“I drew the nothings that my soul enjoyed”

[As usual, dots between square brackets indicate cuts made by Sidney Colvin. For full, correct and critical edition of this letter, see Mehew 5, 1535.]

To William Sharp [E. Sharp, W. Sharp, a Memoir, 1910, pp. 116-118]

Skerryvore [Early February 1886]

Dear Sir,

Having at last taken an opportunity to read your pleasant volume, it has had an effect upon me much to be regretted and you will find the consequences in verse.

William Sharp (1855-1905), Scottish poet, biographer and journalist, who achieved his greatest successes with the Celtic romances published under the pseudonym Fiona Macleod [www.electricscotland.com]

The ‘pleasant volume’ is ‘Sonnets of this Century’, edited and arranged by Sharp, and published in Walter Scott’s ‘Canterbury Poets’ series. RLS’s copy, now at Princeton, is inscribed ‘To RLS in slight aknowledgement of an irredeemable debt of pleasure’ [Cf. Mehew 5, p. 191]


I had not written a serious sonnet since boyhood, when I used to imitate Milton and Wordsworth with surprising results:

John Milton (1608-1674) [http://le-citazioni.it]

Wordsworth (1770-1850), 1798 portrait [https://upload.wikimedia.org]


and since I have fallen again by your procuring (a procuration) you must suffer along with me. May I say that my favourite sonnet in the whole range of your book is Tennyson Turner’s “The Buoy-Bell”?

Rvd. Charles Tennyson Turner (1808-1879), elder brother of Alfred Tennyson [http://cdn.quotesgram.com]

“The Buoy-Bell” by Tennyson Turner, in Sharp’s book.


Possibly there is a touch of association in this preference; but I think not. No human work is perfect; but that is near enough.

Yours truly,

Robert Louis Stevenson

The form of my so-called sonnets will cause you as much agony as it causes me little. I am base enough to think the main point of a sonnet is the disjunction of thought coinciding with the end of the octave: and when a lesser disjunction makes the quatrains and sestets I call it an ideal sonnet; even if it were rhymed anyhow. But the cross rhyme, tears—fear, in the second is, even in my base eyes, a vile flaw.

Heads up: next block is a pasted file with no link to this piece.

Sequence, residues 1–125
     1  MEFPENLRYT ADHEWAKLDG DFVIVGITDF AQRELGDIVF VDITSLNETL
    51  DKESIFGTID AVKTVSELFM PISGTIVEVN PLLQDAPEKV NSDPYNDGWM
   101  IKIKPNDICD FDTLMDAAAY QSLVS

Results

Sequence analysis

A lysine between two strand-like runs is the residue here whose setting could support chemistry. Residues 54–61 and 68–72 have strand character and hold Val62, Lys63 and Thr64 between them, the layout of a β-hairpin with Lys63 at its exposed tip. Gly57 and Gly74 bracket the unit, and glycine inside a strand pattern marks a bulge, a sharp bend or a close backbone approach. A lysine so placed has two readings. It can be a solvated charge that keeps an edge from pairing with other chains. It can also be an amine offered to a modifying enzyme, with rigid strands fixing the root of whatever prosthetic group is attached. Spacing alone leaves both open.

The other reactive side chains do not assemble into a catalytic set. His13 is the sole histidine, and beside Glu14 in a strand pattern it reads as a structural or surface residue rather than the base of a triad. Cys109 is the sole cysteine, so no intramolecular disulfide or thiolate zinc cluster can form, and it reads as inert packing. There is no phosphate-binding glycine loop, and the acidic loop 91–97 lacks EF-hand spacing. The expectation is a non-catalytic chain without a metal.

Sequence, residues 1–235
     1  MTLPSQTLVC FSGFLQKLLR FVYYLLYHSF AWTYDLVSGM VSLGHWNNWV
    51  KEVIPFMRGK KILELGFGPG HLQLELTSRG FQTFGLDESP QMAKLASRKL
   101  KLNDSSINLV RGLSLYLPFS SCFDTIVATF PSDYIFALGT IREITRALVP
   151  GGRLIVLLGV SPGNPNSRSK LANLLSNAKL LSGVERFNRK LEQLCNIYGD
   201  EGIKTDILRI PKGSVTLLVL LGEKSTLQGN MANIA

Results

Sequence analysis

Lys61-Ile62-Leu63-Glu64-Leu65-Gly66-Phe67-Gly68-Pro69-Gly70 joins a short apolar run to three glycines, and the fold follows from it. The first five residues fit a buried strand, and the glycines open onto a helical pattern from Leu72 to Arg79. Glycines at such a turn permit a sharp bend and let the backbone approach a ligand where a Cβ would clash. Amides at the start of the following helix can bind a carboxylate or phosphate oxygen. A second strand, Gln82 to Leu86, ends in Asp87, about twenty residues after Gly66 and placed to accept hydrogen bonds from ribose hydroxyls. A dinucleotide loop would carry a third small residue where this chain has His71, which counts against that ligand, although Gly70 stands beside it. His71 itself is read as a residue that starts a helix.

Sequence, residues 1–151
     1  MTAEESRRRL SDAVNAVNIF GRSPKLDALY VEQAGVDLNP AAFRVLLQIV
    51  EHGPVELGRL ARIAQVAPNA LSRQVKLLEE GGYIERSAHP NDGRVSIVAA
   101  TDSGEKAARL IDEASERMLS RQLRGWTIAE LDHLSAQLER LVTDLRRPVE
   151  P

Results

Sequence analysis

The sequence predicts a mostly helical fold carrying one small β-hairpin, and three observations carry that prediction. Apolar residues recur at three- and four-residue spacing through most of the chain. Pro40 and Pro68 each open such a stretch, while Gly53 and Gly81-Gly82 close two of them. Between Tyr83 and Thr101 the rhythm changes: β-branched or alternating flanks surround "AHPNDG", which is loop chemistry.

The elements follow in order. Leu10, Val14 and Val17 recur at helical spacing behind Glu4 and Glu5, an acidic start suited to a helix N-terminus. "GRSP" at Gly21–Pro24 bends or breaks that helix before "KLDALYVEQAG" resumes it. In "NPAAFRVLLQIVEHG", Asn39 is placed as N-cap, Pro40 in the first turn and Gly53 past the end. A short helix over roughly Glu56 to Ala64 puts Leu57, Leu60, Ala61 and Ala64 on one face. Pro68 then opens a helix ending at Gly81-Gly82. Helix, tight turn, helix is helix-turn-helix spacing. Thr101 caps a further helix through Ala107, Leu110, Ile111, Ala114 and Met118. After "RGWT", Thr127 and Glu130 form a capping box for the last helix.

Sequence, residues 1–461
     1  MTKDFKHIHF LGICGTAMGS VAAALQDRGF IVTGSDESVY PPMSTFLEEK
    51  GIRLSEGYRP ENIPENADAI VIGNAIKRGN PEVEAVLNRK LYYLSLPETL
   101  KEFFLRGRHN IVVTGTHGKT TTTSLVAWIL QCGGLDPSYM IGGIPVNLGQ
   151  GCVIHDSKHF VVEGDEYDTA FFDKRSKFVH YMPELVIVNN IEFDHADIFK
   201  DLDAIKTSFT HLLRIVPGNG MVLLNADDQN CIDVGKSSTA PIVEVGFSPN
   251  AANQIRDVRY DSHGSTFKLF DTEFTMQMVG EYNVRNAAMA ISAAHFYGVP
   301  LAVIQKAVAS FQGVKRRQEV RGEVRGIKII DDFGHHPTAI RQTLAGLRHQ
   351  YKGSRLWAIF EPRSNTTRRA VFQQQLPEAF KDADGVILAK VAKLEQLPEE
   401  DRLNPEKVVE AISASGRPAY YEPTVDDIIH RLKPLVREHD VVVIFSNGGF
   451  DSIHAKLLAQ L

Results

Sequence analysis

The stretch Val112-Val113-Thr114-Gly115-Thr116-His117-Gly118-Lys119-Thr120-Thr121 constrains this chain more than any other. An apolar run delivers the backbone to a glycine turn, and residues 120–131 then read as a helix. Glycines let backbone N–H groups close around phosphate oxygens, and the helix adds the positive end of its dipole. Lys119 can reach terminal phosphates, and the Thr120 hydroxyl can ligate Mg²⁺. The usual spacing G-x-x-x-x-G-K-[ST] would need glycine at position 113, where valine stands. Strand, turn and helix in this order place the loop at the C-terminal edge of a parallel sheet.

THE ARABESQUE (Complaint of an artist)

I made a fresco on the coronal,

Amid the sounding silence and the void

Of life’s wind-swept and unfrequented ball.

Frescoed lunette by Dino di Puccio and Jacopo d’Agnolo, Prato, Italy, 1389 [www.comune.prato.it]

I drew the nothings that my soul enjoyed;

Robert Fludd, ‘Utriusque Cosmi’, The nothingness that was prior to the universe, 1617 [https://pbs.twimg.com]

The pretty image of the enormous fact

I fled; and when the sun soared over all

And threw a brightness on the painted tract,

Lo, the vain lines were reading on the wall!


     In vain we blink; our life about us lies

O’erscrawled with crooked mist; we toil in vain

To hear the hymn of ancient harmonies

That quire upon the mountains as the plain;


And from the august silence of the skies

Babble of speech returns to us again.


RLS’s sonnet ‘The Arabesque’, in Sharp’s book [https://ia800206.us.archive.org]



I saw a circle in a garden sit

Of dainty dames and solemn cavaliers,

Whereof some shuddered at the burrowing nit,

And at the carrion worm some burst in tears;

And all, as envying the abhorred estate

Of empty shades and disembodied elves,

Under the laughing stars, early and late

Sat shamefast at this birth and at themselves.

Francesco Podesti, The first day of the Decameron, 1847 [https://c1.staticflickr.com]

       The keeper of the house of life is fear:

W. Blake, Fear and Hope are visions, 1826 [https://upload.wikimedia.org]

In the rent lion is the honey found

By him that rent it; out of stony ground

The toiler, in the morning of the year,

Beholds the harvest of his grief abound

And the green corn put forth the tender ear.

The quote is Jud. 14: 5-8, Samson, the lion, the bees, the honey, and the riddle [www.wordsforcourageousliving.com]

V. Van Gogh, Wheatfield under thunderclouds, 1890 [https://lasottilelineadombrablog.files.wordpress.com]

RLS’s sonnet ‘The Touch of Life’, in Sharp’s book.




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